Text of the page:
Planning a Victorian or Edwardian house renovation? Renovating listed buildings is a fascinating process and highly rewarding – but can also be stressful and complex. In this blog, one of our architectural practice clients, Allister Godfrey from the award-winning Chartered Architects based in Wantage, Oxfordshire shares his expertise and outlines some of the pitfalls to expect and how to ensure your building restoration project is a success.
There are many things to consider when renovating a Listed or historic building – all of which can have a significant impact, and can affect just how succesful your project is.
Tip no. 1 – Ensure you have the right professionals on board
Work with a team of experts who have experience of renovating older houses. You will probably need to invest more time and money getting expert help – such as a heritage consultant – than you think. Start by working with a RIBA Chartered Practice that has extensive experience in renovating listed buildings, and bear in mind the following:
i) Expect special conditions
When dealing with any heritage asset or building a Heritage Impact Assessment will be required to accompany a planning application and/or Listed building consent application. Having a detailed and considered assessment of the existing condition will mean you have a robust starting point for design direction, design decisions and ensuing discussions with the planners. The Historic England ‘Conservation Principles, Policies and Guidance’ is a helpful document to read before undertaking a project.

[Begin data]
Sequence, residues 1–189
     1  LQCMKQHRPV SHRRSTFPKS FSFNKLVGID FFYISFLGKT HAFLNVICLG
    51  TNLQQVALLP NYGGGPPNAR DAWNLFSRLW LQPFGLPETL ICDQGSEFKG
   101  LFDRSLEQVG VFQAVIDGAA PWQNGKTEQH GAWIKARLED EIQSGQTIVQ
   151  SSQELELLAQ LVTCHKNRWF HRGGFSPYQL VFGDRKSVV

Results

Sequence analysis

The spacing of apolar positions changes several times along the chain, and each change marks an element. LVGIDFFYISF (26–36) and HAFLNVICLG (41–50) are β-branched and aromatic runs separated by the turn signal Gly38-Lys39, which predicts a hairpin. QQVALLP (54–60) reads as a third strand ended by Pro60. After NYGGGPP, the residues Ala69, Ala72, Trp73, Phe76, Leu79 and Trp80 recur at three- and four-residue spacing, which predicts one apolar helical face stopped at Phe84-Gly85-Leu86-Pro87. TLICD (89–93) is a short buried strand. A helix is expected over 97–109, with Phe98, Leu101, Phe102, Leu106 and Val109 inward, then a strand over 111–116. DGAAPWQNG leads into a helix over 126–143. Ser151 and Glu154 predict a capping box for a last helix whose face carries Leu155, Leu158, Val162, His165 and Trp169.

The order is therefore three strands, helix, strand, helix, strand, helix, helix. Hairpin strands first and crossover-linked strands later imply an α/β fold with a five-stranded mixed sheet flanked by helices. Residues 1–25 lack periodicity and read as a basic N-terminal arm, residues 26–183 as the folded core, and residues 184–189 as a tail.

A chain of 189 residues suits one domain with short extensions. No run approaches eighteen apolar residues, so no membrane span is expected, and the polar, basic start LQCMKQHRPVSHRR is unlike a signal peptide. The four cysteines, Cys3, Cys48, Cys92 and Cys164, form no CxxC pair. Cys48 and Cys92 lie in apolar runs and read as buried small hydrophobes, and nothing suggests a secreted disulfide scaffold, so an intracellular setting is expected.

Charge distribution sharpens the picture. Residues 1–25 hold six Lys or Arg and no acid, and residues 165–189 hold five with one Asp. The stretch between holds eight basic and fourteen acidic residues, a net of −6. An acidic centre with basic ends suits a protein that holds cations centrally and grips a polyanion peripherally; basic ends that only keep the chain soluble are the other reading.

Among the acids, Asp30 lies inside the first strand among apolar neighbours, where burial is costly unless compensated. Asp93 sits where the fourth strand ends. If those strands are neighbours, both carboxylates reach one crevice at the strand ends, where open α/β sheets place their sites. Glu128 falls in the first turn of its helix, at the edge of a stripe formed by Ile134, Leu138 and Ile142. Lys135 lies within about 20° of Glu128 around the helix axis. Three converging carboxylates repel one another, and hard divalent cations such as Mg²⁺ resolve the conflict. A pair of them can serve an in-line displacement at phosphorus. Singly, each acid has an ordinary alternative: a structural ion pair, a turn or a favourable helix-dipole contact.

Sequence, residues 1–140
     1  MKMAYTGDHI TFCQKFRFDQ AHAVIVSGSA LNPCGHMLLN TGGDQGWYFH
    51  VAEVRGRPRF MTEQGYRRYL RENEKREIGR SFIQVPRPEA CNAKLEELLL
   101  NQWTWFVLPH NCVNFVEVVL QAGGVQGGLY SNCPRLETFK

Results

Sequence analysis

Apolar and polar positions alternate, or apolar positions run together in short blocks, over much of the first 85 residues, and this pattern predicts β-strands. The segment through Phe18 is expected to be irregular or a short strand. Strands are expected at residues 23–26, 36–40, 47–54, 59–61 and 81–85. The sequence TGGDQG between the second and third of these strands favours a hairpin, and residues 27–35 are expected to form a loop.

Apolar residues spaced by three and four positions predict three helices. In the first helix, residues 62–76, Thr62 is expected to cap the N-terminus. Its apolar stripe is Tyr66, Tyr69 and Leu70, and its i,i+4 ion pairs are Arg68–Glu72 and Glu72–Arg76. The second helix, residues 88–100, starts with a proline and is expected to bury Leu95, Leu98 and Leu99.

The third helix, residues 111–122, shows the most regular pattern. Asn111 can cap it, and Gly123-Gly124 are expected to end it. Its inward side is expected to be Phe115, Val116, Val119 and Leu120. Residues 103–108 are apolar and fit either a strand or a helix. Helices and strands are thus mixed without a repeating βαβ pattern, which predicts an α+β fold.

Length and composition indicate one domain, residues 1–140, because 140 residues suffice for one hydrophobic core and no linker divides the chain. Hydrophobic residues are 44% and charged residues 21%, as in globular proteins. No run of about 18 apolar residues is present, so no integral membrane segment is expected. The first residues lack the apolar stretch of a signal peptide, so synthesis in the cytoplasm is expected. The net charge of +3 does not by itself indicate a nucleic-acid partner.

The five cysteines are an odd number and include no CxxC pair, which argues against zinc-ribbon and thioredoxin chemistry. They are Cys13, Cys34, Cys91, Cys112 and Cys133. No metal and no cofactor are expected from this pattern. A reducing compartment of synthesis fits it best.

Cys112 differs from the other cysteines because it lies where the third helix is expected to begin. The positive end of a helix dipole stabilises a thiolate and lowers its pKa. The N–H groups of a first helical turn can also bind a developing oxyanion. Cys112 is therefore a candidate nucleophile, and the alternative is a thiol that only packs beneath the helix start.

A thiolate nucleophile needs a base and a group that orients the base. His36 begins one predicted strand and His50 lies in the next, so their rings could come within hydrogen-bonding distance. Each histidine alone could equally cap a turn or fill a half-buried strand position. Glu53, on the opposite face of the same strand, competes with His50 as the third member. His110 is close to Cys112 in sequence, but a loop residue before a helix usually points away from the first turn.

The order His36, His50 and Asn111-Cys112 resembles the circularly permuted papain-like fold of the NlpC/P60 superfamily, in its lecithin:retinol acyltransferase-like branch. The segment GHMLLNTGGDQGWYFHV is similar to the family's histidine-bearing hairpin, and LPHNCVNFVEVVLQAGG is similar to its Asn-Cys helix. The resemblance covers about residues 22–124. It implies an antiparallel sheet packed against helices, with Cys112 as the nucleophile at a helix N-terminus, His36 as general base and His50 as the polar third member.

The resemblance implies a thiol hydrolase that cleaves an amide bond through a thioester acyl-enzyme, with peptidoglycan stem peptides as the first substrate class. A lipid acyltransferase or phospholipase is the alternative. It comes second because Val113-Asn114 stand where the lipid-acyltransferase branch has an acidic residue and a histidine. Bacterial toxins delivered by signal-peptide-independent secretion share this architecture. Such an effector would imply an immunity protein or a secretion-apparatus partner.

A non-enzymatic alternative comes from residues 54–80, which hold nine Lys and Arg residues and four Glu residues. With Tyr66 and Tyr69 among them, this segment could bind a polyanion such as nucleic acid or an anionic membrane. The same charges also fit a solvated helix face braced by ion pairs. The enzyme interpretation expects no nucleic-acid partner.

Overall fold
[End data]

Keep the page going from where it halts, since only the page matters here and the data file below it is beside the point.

ii) Be prepared for upfront costs
Setting a realistic budget is important for any project. But when you are taking on a Listed or historic project you will need to budget for experienced professionals to be involved early on in the process. It is best to get a heritage impact assessment done by a Heritage Consultant, but using an experienced architecture practice is also possible.
iii) Have a flexible approach to timings throughout the project
The preparation of a planning application for a historic asset is going to take longer than for a modern property. Post approval, the list of conditions to discharge is likely to be more onerous and time consuming.
Tip no. 2 – Budget thoroughly – and allow for a large contingency
Like setting the budget for your project, the level of contingency you allow is not always an exact science. Renovating listed buildings can be a complicated business – often with a few surprises along the way, so our suggestion would be to allow a contingency of at least 20 to 25% of your final budget in the initial stages.
Preparation is key, and with the right professional team, unforeseen issues can be mitigated throughout the design process and will help bring down the contingency sum as you head towards the construction phase. Our practice has a blog post that provides some things to consider when drawing up your budget. Getting the help of a cost planning expert like CLPM’s Quantity Surveying team to give you a detailed estimate for your designs can also be a wise investment.
Tip no. 3 Take advice and invest time researching your project
It can be challenging restoring or adding a modern extension to a period property. Extending or altering an older house with a modern design can often add an additional layer of complexity to an already lengthened process. Ultimately a lack of time, and poor advice are the biggest hindrances to a successful project outcome, particularly if you are wanting to make modern interventions or extensions.